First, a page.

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Court voids sentence in LAX plot

A U.S. appellate panel says the penalty should be recalculated because one count was vacated.

Long Delay Expected

January 17, 2007|Henry Weinstein | Times Staff Writer

A federal appeals court in San Francisco on Tuesday overturned the 22-year sentence imposed on a man convicted of plotting to blow up Los Angeles International Airport at the start of the millennium.

In a 2-1 decision, the U.S. 9th Circuit Court of Appeals sent the case of Ahmed Ressam, known as the "millennium bomber," back to U.S. District Court in Seattle.

The appeals court said the case needed to be recalculated because it had vacated one of the numerous counts on which Ressam had been convicted -- the charge of carrying an explosive during the commission of a felony, which carried a 10-year minimum sentence under federal guidelines.

U.S. 9th Circuit Judge Pamela Ann Rymer, writing for the majority, referred to the fact that the U.S. Supreme Court and the 9th Circuit are considering cases that are expected to have a significant impact on federal sentencing law.

Consequently, District Judge John C. Coughenour will have to wait for those decisions, said Thomas W. Hillier II, the federal public defender in Seattle, who is representing Ressam.

Ohio State University law professor Douglas A. Berman said it made sense for the three-judge panel to send the case back to Coughenour and tell him to wait to resentence Ressam until the Supreme Court brings some clarity to federal sentencing law.

University of Richmond law professor Carl W. Tobias agreed, but said sentencing law "is in such a state of flux" that Ressam's resentencing could come "far in the future."

Ressam left his native Algeria for France in 1992 and two years later fled to Canada after being arrested on an immigration violation. While in Montreal in 1998, Ressam met an Al Qaeda operative who recruited him for a training camp in Afghanistan. According to Tuesday's ruling, Ressam spent six months at a training camp, learning how to fire a rocket-propelled grenade launcher and make explosive charges, and "how to destroy infrastructure targets, such as power plants, military installations, railroads and airports," Rymer wrote.

Later, Ressam went to a second camp near Jalalabad, where he and others "hatched the plot to target a U.S. airport to coincide with the millennium," the judge added.

In December 1999, Ressam left British Columbia in a rented Chrysler loaded with explosives, electronic timing devices, detonators, fertilizer and aluminum sulfate. After he crossed by ferry to Port Angeles, Wash., an alert customs inspector, Diana Dean, noticed that he was agitated and asked other agents to search his car.

They found component parts of a bomb hidden in the trunk's tire well. Ressam was arrested and indicted. The case was transferred to Los Angeles because of heavy pretrial publicity in the Northwest.

Ressam was convicted in 2001 on charges including an act of terrorism transcending a national boundary, placing explosives in proximity to the ferry terminal, possessing false identification, using a fictitious name, falsely identifying himself on a customs declaration form, smuggling and transporting explosives, and carrying an explosive during the commission of a felony, namely signing the customs form using an alias -- Benni Norris.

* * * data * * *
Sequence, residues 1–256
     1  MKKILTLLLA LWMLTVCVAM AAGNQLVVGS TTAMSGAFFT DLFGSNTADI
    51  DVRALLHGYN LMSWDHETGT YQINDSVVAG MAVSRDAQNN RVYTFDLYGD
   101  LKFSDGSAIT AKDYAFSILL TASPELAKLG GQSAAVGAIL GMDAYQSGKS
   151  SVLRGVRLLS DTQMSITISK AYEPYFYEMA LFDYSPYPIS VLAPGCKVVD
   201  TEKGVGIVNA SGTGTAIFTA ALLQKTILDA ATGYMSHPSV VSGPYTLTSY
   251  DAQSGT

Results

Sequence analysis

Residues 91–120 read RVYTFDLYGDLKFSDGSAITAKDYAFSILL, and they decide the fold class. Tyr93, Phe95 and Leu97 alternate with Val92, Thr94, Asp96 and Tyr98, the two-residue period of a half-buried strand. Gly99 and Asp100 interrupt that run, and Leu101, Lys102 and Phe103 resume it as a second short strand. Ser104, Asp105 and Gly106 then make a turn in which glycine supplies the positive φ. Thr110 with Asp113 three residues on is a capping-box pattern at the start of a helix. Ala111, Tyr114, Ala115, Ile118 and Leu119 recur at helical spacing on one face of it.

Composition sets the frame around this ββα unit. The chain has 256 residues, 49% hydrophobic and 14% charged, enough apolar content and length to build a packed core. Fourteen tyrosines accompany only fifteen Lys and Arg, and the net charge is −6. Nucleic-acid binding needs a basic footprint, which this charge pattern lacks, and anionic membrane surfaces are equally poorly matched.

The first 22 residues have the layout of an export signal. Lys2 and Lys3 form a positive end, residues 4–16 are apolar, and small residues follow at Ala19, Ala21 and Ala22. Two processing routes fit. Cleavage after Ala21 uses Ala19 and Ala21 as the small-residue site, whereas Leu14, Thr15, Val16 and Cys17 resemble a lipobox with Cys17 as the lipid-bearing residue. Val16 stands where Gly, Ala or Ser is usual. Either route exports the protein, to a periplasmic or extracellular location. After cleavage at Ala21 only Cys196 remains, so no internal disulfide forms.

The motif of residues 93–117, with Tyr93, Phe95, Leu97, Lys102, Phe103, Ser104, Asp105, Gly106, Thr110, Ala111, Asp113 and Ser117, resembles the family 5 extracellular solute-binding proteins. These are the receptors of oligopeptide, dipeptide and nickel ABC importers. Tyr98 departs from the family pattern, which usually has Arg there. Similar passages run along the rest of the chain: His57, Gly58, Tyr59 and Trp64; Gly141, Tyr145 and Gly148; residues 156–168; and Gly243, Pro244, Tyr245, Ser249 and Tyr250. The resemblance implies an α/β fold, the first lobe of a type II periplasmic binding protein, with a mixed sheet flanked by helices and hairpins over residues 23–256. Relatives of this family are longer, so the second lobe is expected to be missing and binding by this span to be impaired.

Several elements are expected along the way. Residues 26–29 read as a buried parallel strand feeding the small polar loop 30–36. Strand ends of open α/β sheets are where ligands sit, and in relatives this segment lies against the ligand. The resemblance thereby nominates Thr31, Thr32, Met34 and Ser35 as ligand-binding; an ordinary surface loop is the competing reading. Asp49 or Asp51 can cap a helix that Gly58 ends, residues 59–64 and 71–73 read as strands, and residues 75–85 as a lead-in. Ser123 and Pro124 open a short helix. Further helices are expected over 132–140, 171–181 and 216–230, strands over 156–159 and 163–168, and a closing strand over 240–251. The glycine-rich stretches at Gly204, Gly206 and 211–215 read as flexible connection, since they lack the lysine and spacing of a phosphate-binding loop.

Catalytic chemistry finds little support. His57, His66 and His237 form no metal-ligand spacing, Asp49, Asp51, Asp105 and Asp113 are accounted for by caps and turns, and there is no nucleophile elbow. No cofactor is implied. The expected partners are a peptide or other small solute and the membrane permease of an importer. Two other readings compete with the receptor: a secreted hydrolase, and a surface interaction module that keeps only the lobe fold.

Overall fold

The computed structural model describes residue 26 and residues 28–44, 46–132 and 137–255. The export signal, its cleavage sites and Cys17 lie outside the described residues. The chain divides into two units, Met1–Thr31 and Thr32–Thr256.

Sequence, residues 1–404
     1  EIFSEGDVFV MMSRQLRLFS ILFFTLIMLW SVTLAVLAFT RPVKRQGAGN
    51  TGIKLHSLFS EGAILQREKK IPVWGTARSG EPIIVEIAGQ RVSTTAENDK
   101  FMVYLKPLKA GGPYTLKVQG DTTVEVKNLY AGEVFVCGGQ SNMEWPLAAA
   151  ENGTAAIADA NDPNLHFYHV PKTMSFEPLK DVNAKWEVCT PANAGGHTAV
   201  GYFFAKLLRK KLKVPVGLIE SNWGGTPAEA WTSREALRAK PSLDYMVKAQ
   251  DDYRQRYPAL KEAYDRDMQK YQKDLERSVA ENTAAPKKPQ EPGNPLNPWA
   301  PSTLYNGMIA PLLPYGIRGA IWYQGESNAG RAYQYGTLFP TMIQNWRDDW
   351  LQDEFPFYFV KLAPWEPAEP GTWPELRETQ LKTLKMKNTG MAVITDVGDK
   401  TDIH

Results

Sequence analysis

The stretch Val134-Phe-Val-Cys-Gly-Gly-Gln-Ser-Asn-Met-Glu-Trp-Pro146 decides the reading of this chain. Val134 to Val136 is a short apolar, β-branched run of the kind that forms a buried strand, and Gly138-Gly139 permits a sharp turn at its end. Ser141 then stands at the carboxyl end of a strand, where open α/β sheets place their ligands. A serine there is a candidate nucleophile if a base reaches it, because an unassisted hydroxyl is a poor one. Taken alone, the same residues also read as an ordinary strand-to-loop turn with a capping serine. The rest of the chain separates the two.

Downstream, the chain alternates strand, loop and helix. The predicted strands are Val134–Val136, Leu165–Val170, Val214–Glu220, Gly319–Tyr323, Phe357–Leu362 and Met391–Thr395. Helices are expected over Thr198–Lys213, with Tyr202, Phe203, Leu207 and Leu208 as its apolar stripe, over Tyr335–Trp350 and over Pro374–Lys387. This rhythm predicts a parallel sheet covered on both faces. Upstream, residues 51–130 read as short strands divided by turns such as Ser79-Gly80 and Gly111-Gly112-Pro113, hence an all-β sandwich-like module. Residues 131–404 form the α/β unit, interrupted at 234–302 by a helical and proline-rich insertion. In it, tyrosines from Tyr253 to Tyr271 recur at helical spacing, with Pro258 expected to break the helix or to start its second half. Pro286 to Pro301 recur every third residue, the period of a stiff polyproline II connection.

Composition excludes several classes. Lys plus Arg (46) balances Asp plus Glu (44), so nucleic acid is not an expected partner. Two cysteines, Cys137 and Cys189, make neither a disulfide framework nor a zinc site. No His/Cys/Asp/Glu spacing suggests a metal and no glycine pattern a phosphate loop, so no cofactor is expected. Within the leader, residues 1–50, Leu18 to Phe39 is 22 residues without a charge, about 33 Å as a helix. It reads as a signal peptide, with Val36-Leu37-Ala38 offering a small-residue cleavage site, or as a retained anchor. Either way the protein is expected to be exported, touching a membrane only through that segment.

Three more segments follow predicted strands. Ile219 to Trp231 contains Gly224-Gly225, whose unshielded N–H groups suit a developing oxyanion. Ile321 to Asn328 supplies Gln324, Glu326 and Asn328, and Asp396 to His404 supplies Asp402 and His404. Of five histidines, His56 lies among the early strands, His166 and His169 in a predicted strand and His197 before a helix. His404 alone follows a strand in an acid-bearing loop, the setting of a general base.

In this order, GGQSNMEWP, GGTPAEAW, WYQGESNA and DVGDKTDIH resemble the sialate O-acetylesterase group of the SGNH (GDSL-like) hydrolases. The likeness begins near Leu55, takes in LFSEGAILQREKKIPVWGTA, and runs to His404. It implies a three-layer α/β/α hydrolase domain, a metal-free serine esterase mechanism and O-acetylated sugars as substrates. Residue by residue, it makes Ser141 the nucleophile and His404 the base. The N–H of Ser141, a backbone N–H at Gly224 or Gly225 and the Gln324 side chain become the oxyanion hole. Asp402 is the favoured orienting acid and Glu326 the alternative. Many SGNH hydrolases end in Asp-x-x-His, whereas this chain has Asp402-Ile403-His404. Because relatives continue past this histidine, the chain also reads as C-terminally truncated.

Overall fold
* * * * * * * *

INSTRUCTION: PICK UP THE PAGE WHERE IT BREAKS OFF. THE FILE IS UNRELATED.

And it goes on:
The government offered no evidence that carrying the explosives facilitated Ressam's falsifying the customs declaration form, and the jury was not instructed that the crime of carrying an explosive during the commission of a felony was related to the other crime, Rymer said.

"The government must demonstrate that the explosives aided the commission of the underlying felony in some way. There is no evidence that the explosives emboldened Ressam to lie or that he used them to 'protect himself or intimidate others,' " Rymer added. Judge Marsha S. Berzon joined in the majority opinion.

Ressam initially was exposed to a 65-year sentence. After trial, however, he agreed to cooperate with the government. Although he provided testimony and participated in debriefings with the government, the appeals court noted, Ressam stopped cooperating in 2003.

As a result, the government asked for a 35-year-sentence; Ressam's lawyers asked for 10 years, and the judge decided on 22 years.

Hillier, who represented Ressam, said he was pleased with Tuesday's decision, though he acknowledged that his client ultimately could wind up with the same sentence.

Because Ressam remains convicted of eight felonies, there is no prospect that he will get out of prison anytime soon.

Emily Langley, a spokeswoman for the U.S. attorney in Seattle, who had appealed in hopes of getting a longer sentence, said lawyers were studying the ruling and had not yet decided whether they would ask Justice Department officials in Washington for permission to request that the case be reheard by a larger panel of 9th Circuit judges.

Judge Arthur L. Alarcon dissented from the decision to vacate one of Ressam's convictions. But he concurred in the decision to vacate the sentence. "I agree with the government that the sentence imposed" by the trial judge "was unreasonable and an extreme departure from the advisory sentencing guidelines," Alarcon wrote.

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